“‘No, that’s definitely the way you want to go,’ said the same man in the hi-vis jacket, whose integrity we were beginning to doubt. But every route we tried, the satnav eventually led us back to the same roundabout, often by the most circuitous of routes. We had no mobile coverage, so could not raise a map by those means. It was like an episode of The Prisoner. Every wrong turning we took, we expected a huge white barrage balloon to head us off.” –Marcus Berkmann, The Independent, October 9, 2015
“While Australia-based Audinate’s Dante is one of several competing protocols for communicating multiple audio channels over standard Ethernet and IP networks, it has led the industry in media attention, awards and licensing agreements with an impressive list of partners. With applications in live sound, recording and conferencing, Shure jumped on board in 2012 and joined the ranks of Allen & Heath, Yamaha, and many, many others. Dante represented an opportunity to bring a high performance plug-and-play experience to users of Shure’s ULX-D digital wireless system, SCM820 Automatic Mixer and Microflex Wireless.
“In this post, we’ll address a few of the basics, so that the next time Dante comes up in conversation, you won’t be thinking of the Middle Ages poet who wrote the Divine Comedy [. . .].” –Gino Sigismondi (Senior Manager, Shure Systems Support), “What You Need To Know About Dante,” shure.com
Contributed by Pete Maiers
“Inferno is a commentary system for a single user, or for a large multi commentator system. Connections use network audio cabling, either directly to the GSI-DARK88 break out box, or across a structured network. The Dante audio protocol is used to transport the audio, making the system flexible and programmable as part of a larger Dante system.” –“Inferno” info sheet, Glensound
Glensound is a UK-based manufacturer specializing in audio hardware for live sound, studio, and broadcast. Besides Inferno, their products include units called Beatrice, Virgil, Styx, and Divine, all of which integrate with Dante-based systems.
DANTE is a digital media networking technology produced by Audinate. The acronym stands for Digital Audio Network Through Ethernet.
Contributed by Pete Maiers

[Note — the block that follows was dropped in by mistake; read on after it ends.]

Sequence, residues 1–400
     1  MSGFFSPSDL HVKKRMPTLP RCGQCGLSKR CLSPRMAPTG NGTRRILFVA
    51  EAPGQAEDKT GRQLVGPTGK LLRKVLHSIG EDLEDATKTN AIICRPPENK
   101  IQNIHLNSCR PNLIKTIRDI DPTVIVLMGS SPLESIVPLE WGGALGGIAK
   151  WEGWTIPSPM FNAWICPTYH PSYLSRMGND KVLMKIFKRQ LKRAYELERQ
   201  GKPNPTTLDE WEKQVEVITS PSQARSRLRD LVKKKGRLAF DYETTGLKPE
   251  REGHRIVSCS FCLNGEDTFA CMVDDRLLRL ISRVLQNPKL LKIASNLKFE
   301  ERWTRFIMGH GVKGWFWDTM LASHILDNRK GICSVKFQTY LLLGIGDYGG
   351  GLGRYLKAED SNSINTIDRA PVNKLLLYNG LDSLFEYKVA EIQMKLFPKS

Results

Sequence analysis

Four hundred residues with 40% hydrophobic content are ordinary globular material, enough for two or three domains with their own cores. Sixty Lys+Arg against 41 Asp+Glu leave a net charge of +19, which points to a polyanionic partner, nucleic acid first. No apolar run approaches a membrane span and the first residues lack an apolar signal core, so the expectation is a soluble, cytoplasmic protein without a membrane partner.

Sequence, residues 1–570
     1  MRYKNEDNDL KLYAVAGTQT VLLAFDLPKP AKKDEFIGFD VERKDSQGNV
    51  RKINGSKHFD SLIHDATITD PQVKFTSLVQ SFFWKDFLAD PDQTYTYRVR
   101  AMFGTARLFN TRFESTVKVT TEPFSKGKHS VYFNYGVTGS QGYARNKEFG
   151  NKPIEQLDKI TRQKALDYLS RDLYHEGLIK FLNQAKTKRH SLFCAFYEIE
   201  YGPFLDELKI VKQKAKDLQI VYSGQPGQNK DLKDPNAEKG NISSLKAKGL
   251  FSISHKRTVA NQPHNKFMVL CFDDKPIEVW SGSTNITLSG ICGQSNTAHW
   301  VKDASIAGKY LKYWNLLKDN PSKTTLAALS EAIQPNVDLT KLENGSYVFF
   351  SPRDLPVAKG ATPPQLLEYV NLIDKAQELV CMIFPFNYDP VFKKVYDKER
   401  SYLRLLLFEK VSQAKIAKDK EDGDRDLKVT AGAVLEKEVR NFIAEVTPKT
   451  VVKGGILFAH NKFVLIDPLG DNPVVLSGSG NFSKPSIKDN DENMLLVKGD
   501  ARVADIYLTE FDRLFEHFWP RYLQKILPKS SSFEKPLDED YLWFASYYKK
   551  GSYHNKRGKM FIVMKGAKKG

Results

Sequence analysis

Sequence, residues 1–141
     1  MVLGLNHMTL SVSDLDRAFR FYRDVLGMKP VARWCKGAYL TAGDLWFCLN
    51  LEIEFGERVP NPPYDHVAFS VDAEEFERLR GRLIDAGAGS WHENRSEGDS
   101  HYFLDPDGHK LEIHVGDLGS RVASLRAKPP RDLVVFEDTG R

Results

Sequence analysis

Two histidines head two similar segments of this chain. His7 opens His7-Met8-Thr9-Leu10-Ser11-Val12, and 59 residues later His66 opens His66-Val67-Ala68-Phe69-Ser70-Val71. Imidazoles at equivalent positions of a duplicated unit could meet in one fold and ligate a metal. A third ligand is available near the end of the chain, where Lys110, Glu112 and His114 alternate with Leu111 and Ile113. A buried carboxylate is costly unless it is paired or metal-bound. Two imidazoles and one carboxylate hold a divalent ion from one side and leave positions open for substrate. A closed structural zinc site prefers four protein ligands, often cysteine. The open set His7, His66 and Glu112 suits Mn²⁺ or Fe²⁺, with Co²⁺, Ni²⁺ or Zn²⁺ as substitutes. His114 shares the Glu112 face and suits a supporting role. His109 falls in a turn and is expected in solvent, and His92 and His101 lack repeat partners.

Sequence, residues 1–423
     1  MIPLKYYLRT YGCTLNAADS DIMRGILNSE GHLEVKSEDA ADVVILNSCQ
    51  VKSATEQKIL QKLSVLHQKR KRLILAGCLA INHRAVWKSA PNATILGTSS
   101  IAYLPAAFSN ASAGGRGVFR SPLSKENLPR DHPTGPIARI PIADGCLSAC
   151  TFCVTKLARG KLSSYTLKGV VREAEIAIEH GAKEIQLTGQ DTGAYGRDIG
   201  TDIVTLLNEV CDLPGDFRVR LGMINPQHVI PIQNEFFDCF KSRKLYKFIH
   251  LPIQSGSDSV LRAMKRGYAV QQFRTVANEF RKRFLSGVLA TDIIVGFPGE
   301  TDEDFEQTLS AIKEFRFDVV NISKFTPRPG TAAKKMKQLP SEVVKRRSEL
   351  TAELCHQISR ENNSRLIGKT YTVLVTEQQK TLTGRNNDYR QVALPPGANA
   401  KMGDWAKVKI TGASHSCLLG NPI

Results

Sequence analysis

“The annual Innovation In Music conference in London recently saw Audinate’s Dante help deliver a first of its kind performance, according to audio engineer Dr Paul Ferguson.
“The conference is an international music event that brings together researchers and professionals shaping the future of the music industry. The event welcomes academics, artists, producers, engineers, music industry professionals, and manufacturers to come together and hear presentations and discussions on a wide range of topics. The most recent conference was held at the University of West London’s Ealing Campus and covered a number of topics including music production, performance and composition, studio technology innovation, and platforms for music sale, streaming and broadcast, to name a few.
[. . .]
“‘Unfortunately, the COVID-19 virus has brought a new perspective to performing, and for gigging musicians, this GPS clock capability potentially allows musicians to safely connect and collaborate over hundreds of miles,’ added Ferguson. ‘What happens when artists want to do their next album or collaborate with others? Until our work lives return to normal, this presents an excellent, next-best-thing-to-being-there option. And even after the ban is lifted, this will be an economical and efficient way to bring creativity together over great distances.'” –Daniel Gumble, Installation, June 9, 2020
In this case, the reference is to DANTE, the AV networking protocol (Digital Audio Network Through Ethernet). The acronym and the image of the circles (as well as some of the marketing around Audinate’s Dante and related products) play on the name and fame of the poet.
“The new TM-Dante and TM-Ravenna units are now available with ST 2110 functionality, and existing owners can add this option via a free firmware update.” —The Broadcast Bridge, May 7, 2020